In This Issue: Advanced Encryption Standard Will Keep Your Secrets Safe Light-Speed Communications Rely on NIST Standards Vitamin Measurements Made More Reliable at NIST Researchers Are Having a Ball with Round Molecules 100 Millimeters Makes a Big Difference Business Heats Up for Thermagon with Help from Cleveland MEP Tech Trivia
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Advanced Encryption Standard Will Keep Your Secrets Safe
Cryptography has gone mainstream. Just a few decades ago the science of scrambling information was an esoteric field employed primarily by the diplomatic and military elites to protect state secrets. Today, millions of Americans use cryptography, often without realizing it. Most people who use automated teller machines have used cryptography. The secret personal identification numbers required by the machines typically are encrypted before being sent to a computer that makes sure the number matches the card. Other people use data scrambling when they shop over the Internet; their credit card numbers are encrypted when they place an order.
The security of future electronic commerce transactions will depend on safe scrambling methods. As a result, the National Institute of Standards and Technology invited the worlds finest cryptographers to enter an international competition to develop the best encoding techniques. After more than a year of study, NIST recently announced five finalists in the global contest. One or more of these sophisticated mathematical formulas will likely become the federal governments new Advanced Encryption Standard. The standard will be used throughout the government to protect sensitive data, such as tax information and social security records. American teams developed three of the five finalist codes. These include algorithms developed by International Business Machines Corp. of Armonk, N.Y.; RSA Laboratories of Bedford, Mass.; and Counterpane Systems of Minneapolis.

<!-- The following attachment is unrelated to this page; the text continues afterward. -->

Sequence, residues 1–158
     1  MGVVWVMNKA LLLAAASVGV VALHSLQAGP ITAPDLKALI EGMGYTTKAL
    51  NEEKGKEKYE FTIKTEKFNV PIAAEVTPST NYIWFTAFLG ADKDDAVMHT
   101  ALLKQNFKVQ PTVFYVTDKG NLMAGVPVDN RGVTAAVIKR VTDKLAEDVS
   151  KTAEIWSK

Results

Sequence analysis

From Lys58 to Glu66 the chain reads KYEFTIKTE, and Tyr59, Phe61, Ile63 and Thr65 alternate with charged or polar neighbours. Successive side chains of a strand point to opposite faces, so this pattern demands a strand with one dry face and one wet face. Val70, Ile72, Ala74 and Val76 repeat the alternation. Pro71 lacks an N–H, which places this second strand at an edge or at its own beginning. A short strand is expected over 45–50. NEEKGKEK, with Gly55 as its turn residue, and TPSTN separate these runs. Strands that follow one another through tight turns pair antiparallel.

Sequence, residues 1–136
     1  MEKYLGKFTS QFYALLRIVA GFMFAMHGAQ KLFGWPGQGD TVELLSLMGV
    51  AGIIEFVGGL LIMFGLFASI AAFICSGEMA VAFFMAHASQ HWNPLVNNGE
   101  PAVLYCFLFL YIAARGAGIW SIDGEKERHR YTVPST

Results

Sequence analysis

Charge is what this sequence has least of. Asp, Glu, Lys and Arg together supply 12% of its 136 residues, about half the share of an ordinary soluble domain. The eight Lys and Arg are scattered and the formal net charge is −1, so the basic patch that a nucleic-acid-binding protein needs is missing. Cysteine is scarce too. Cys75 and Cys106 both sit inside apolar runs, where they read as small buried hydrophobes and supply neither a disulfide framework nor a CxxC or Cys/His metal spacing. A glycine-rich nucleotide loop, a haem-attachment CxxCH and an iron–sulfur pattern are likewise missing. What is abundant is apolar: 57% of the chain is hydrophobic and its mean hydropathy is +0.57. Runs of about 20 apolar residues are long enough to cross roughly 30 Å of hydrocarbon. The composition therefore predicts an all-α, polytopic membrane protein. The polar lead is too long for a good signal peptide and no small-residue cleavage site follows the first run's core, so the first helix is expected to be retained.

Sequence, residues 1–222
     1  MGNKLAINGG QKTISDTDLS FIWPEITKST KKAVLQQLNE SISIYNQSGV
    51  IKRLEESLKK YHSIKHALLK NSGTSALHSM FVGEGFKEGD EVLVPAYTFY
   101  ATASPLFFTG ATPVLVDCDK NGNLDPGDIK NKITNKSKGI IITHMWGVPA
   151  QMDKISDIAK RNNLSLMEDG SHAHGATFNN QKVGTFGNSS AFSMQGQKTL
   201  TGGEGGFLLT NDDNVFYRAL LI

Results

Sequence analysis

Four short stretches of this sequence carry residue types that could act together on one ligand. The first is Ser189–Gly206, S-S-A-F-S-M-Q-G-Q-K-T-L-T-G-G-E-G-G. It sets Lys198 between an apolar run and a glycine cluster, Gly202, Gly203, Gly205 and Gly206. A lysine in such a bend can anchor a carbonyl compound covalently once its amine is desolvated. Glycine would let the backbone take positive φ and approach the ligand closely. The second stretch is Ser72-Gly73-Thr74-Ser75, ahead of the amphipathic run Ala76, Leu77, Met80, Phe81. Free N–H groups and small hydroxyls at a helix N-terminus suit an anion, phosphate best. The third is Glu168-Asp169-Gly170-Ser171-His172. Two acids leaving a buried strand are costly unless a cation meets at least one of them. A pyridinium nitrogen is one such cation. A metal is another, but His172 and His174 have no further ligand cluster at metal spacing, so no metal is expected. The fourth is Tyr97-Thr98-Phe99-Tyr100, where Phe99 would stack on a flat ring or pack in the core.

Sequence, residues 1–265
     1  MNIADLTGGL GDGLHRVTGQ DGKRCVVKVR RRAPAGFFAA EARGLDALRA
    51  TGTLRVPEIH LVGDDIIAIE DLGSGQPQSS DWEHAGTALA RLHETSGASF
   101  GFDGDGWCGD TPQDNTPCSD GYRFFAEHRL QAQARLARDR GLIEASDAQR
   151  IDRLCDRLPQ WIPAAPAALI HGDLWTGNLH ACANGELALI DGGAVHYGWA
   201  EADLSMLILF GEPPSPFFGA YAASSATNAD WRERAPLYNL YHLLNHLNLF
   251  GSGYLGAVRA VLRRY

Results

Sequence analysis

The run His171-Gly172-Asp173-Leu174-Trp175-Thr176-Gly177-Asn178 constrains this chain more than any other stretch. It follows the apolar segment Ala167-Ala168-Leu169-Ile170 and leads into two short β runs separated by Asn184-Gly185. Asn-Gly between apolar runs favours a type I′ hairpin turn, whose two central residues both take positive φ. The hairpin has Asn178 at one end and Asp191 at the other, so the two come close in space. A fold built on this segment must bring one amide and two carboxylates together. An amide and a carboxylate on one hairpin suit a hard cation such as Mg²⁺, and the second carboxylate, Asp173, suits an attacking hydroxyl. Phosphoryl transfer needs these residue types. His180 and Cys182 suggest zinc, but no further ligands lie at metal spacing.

Philip Bulman, (301) 975-5661
Light-Speed Communications Rely on NIST Standards
A communications revolution is taking place throughout the world. Thousands of miles of optical fiber cable are being laid under oceans, between cities, along streets, in office parks and factories, and among the groves of academia. Each year enough fiber is installed to reach around the world over 800 times. These hair-thin strands of glass give us high-quality phone, fax and television service and, especially, high-speed access to the Internet. The equivalent of 50 million simultaneous phone calls can be transmitted over a single optical fiber.
Standing behind and aiding this revolution is the National Institute of Standards and Technology. Since the 1970s, NIST has been providing measurement technology and standards to support the optical communications industry. Today, the specifications of almost all of the optical fiber produced in the world are traceable to NIST standards. NIST provides 12 types of Standard Reference Materials and a variety of calibration and special test services to help companies be certain that products meet specifications.
Major industry associations believe that investments in metrology are one of the keys to the continued expansion of the optical communications industry. NIST will continue to work with the industry to meet these needs.
Fred McGehan (Boulder), (303) 497-3246
Vitamin Measurements Made More Reliable at NIST
The old maxim says you are what you eat. A contemporary corollary currently under close scientific scrutiny is the question of whether vitamins and related compounds can help prevent cancer. In order to set dietary guidelines for good health, doctors need very accurate measurements of these compounds, not only in food but also in human tissue. Chemists at the National Institute of Standards and Technology are helping labs worldwide improve their vitamin measurements.
Its not easy to make accurate measurements of vitamins. They are usually mixed in with other complex molecules in complex substances, like food or blood. Doctors and nutritionists actively studying the health benefits of vitamins, such as A, E and beta carotene, must compare results from different labs. Thats why the labs need a certified reference material for helping determine the accuracy of their own results. NISTs Standard Reference Materials Program offers a certified reference material for fat-soluble vitamins and carotenoids in human serum (SRM 968C) to allow them to do that.
Through its Micronutrients Measurement Quality Assurance Program, NIST also conducts interlaboratory comparison exercises for more than 60 laboratories worldwide. Summary reports are provided to the laboratories to help them assess the performance of their in-house measurement methods for several fat-soluble vitamins and carotenoid compounds.
Linda Joy, (301) 975-4403
Researchers Are Having a Ball with Round Molecules